Essential role for ZnT2-mediated zinc transport in mammary gland development and function during lactation [Cell Biology]

April 7th, 2015 by Lee, S., Hennigar, S. R., Alam, S., Nishida, K., Kelleher, S. L.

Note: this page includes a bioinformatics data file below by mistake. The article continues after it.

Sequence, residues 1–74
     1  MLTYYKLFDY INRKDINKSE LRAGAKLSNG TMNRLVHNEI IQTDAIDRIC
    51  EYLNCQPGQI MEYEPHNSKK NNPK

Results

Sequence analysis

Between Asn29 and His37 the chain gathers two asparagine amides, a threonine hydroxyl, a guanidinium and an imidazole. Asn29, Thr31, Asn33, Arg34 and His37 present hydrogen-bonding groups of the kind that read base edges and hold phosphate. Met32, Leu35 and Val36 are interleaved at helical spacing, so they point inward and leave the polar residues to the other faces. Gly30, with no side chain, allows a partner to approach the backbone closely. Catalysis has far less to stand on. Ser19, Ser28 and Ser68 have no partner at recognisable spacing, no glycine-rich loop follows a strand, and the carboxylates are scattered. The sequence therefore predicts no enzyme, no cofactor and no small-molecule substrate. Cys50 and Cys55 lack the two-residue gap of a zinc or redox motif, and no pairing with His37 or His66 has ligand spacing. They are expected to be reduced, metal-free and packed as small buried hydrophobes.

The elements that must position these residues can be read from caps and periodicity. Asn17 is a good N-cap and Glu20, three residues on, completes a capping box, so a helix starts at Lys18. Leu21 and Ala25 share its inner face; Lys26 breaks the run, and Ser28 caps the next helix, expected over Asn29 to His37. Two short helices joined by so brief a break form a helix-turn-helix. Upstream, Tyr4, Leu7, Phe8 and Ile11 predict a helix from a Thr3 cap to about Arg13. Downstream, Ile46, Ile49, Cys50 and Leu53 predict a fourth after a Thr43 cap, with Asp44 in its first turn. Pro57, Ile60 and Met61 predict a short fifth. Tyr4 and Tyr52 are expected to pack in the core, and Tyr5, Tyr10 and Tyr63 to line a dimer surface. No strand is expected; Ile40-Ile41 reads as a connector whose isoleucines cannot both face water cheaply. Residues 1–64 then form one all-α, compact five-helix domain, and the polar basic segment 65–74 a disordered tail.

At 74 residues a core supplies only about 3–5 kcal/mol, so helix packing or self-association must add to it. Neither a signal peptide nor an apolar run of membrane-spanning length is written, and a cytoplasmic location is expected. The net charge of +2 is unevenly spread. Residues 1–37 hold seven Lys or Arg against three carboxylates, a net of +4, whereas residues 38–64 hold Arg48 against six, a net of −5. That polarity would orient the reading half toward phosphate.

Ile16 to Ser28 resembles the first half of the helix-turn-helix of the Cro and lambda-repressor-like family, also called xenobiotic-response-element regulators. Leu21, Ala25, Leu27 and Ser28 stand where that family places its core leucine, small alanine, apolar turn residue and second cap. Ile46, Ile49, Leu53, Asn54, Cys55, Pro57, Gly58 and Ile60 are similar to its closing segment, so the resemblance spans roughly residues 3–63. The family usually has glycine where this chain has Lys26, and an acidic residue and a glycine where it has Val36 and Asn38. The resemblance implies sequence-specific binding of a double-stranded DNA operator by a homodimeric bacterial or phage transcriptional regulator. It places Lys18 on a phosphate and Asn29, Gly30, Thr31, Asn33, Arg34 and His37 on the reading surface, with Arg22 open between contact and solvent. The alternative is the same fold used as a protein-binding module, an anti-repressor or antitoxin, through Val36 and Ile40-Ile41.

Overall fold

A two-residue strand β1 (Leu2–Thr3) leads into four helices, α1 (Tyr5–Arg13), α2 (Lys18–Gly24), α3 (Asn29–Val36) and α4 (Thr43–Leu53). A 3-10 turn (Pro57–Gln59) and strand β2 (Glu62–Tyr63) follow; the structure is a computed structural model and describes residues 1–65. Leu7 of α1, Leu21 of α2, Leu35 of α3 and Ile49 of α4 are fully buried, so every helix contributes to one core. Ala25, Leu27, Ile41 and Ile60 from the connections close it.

The zinc (Zn) transporter ZnT2 (SLC30A2) imports Zn into vesicles in secreting mammary epithelial cells (MECs) and is critical for Zn efflux into milk during lactation. Recent studies show that ZnT2 also imports Zn into mitochondria and is expressed in the non-lactating mammary gland and non-secreting MECs, highlighting the importance of ZnT2 in general mammary gland biology. In this study, we used nulliparous and lactating ZnT2-null mice and characterized the consequences on mammary gland development, function during lactation and milk composition. We found that ZnT2 was primarily expressed in MECs and to a limited extent in macrophages in the nulliparous mammary gland and loss of ZnT2 impaired mammary expansion during development. Secondly, we found that lactating ZnT2-null mice had substantial defects in mammary gland architecture and MEC function during secretion, including fewer, condensed and disorganized alveoli, impaired Stat5 activation, and unpolarized MECs. Loss of ZnT2 led to reduced milk volume and milk containing less protein, fat and lactose compared with wild-type littermates, implicating ZnT2 in the regulation of mammary differentiation and optimal milk production during lactation. Together, these results demonstrate that ZnT2-mediated Zn transport is critical for mammary gland function, suggesting that defects in ZnT2 not only reduce milk Zn concentration but may compromise breast health and increase the risk for lactation insufficiency in lactating women.